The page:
Tumult Season

Until recently, I used to think that the seasons changed in relatively orderly fashion. People would complain that summer had hung on too long, or fall came too early, or winter felt like it was lasting forever…but it was all based on the concept that one season was supposed to follow the next as predictably as the shortening and lengthening of the days.

But now I know the truth: In reality, the change of seasons is about as orderly as the Times Square subway station at rush hour. It’s helter-skelter, pell-mell, filled with energy and confusion and the hectic business of going places. I’ve begun to think that it deserves a name of its own: Tumult Season.

This all came clear to me just a few days ago, when I played hooky from work to take a four-hour “deep dive” walk through Croton Point Park. Blue Jays gave me my first clue.

Blue Jays are around pretty much all year, flying in small, unruly flocks from here to there, unleashing their repertoire of raucous calls to make sure you notice them. In this season, though, they gather in vast numbers, hundreds upon hundreds in all corners of the park.

And they don’t just gather: If you’re lucky and keep your eye on the skies, you might get the chance to witness one of the great spectacles of Tumult Season: The high, pinwheeling flights of the Blue Jay flocks. The birds whirl and soar by the dozens—sometimes even hundreds—glowing white and blue in the sunlight. It’s a magical sight, even more so because these typically noisy birds carry out their great flights in near complete silence.

But the jays weren’t alone in teaching me to look at the change of seasons in a different way. During my walk, I was also lucky enough to spot some birds that nested in our area but will spend the cold-weather months far to our south. The tiny, colorful Magnolia Warbler I found in a small brushy tangle, for example, will winter in the Caribbean and Central America. And the American Redstart I saw fluttering around in an oak tree will soon embark on a journey that may take it as far as Venezuela or Colombia.

I loved seeing these little gems, as well as vireos, flycatchers, and other soon-to-be-southbound migrants. But not every bird at Croton Point is getting ready for a long journey: Other species, having just arrived from their nesting grounds far to our north, plan to stick around. In fact, at the same moment that so many species are heading for warmer climes, birds like the sparrow-sized American Pipit choose Croton Point as their “warm weather” winter home.

I found a flock of Pipits walking in a tight group across a lawn near the park entrance. As I watched, the birds took flight, bobbing and weaving in the air like living popcorn and letting loose with the sweet “Pi-pit! Pi-pit!” calls that give the species its common name.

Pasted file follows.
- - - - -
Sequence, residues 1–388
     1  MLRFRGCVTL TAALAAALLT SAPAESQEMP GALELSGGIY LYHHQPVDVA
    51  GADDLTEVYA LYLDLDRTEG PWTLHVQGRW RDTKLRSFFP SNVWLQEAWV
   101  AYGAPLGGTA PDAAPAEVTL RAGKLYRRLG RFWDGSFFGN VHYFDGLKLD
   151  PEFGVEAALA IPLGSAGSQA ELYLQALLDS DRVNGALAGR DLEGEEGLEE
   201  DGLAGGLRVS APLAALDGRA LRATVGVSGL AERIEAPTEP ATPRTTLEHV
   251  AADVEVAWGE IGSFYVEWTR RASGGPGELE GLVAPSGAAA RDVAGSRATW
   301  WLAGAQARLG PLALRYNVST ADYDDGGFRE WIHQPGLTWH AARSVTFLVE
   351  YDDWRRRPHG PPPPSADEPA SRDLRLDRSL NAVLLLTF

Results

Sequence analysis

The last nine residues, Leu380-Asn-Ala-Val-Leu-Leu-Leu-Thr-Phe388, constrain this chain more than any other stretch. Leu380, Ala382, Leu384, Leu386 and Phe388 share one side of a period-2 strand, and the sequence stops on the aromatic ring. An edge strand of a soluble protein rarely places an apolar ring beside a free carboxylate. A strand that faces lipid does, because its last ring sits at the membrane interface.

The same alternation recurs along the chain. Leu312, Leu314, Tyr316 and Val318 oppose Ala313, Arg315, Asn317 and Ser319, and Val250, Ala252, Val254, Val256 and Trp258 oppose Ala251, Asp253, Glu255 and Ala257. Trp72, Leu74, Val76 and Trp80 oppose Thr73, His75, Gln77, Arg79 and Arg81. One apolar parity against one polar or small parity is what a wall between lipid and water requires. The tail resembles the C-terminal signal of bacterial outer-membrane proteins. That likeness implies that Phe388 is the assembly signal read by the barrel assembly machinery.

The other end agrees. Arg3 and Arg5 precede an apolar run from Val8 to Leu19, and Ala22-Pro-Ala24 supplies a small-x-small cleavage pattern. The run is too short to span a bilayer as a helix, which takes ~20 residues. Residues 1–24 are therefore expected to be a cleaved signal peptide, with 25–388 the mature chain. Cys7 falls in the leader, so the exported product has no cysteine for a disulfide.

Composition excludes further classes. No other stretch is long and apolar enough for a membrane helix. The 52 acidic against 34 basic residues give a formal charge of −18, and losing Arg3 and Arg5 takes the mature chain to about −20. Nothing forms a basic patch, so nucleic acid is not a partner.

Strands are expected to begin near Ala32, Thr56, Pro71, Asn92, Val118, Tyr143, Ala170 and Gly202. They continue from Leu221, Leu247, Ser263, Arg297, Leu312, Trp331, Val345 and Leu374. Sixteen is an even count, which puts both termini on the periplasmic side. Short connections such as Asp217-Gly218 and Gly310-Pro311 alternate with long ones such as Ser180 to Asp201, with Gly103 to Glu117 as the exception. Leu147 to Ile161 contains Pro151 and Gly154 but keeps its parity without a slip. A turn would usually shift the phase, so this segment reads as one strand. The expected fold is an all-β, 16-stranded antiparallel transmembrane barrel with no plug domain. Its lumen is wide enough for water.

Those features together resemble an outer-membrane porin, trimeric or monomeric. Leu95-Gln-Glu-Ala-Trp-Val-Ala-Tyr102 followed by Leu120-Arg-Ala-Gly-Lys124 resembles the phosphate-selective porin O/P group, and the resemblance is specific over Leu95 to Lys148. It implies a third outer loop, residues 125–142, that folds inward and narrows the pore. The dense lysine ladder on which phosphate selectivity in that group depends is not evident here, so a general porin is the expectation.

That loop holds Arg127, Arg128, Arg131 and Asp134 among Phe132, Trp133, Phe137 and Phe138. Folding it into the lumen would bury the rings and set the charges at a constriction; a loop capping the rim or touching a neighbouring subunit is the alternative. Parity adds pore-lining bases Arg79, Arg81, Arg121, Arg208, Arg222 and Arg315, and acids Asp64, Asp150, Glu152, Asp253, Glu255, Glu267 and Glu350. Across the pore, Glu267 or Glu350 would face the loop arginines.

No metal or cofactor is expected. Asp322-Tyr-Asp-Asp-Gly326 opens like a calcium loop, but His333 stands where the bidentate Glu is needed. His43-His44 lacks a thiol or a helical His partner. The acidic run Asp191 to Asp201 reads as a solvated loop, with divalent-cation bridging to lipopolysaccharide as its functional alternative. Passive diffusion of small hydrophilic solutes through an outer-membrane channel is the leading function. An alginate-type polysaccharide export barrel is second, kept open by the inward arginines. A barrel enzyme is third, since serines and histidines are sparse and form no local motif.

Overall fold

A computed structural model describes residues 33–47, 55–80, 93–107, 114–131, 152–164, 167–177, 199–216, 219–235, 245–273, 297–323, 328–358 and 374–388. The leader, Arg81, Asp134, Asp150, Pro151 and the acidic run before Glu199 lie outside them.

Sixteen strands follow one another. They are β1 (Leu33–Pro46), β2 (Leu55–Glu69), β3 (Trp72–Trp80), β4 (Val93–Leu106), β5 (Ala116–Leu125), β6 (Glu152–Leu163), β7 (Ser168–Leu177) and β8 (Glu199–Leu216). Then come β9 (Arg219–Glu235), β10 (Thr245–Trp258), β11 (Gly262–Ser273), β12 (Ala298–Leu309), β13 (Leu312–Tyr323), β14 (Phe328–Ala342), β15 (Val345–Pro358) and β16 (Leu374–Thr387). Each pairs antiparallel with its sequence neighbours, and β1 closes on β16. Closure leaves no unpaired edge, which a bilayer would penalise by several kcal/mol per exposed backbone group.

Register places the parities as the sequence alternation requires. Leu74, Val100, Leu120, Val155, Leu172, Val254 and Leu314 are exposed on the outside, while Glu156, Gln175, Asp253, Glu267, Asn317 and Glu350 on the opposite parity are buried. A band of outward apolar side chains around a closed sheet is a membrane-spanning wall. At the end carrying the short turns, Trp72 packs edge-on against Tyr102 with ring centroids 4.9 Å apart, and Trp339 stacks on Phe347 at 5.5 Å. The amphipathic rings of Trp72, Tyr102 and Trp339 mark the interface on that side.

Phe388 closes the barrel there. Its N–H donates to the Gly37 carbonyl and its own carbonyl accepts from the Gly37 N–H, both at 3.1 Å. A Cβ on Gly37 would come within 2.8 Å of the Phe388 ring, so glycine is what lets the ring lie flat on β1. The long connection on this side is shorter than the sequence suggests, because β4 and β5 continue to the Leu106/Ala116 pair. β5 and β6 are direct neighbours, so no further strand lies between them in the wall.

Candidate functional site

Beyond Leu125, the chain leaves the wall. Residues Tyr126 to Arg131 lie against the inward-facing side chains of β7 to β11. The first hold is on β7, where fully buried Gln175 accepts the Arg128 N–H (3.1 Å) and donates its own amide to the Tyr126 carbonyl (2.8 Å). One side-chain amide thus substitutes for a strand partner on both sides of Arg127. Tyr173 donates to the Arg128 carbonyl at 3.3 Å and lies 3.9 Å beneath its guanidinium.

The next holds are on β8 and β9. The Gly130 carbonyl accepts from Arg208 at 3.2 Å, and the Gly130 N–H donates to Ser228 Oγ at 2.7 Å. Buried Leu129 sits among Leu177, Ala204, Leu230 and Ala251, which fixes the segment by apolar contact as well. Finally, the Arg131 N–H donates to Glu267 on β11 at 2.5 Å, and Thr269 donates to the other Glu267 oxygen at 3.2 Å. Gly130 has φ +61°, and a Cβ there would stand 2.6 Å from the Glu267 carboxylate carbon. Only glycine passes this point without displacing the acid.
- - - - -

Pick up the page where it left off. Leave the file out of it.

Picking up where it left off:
American Pipits nest in the Arctic tundra, high-mountain meadows, and other barren landscapes where the only vegetation is grass and low shrubs. Such areas quickly become snow-covered during the winter, conditions too harsh even for the intrepid Pipits. The birds move south, but clearly prefer to spend the winter in habitats that remind them of their summer homes, such as Croton Point Park’s lawns and fields.  

And it’s not just warblers and pipits that show us that we’re in the midst of Tumult Season. American Kestrels flutter everywhere over the hill, contending for a perch on one of the poles that dot the grassland. Ospreys, preparing for migration flights that might take them as far south as Brazil, hurry back and forth from Haverstraw Bay, fish clutched in their talons. Blackbirds fill the bare trees. And Savannah, Swamp, and other sparrows seem to rise from the grasses like seeds being scattered by the wind.

Croton Point Grassland. Photo: Joe Wallace

But it was the last bird I saw that left the deepest impression on me. I was heading for the park entrance when I saw an adult Bald Eagle flying over. As anyone who’s ever spent time at Croton Point knows, eagles are common in the park at all times of year. But this one was different from the others I’ve seen recently: It was carrying a large stick, almost a whole branch, towards a patch of forest.

Watching it, I realized that it had already started to tend to the nest that would host its new brood of nestlings next year. That eagle knew that Tumult Season never ends, and now I do, too.

Copyright © 2022 by Joseph Wallace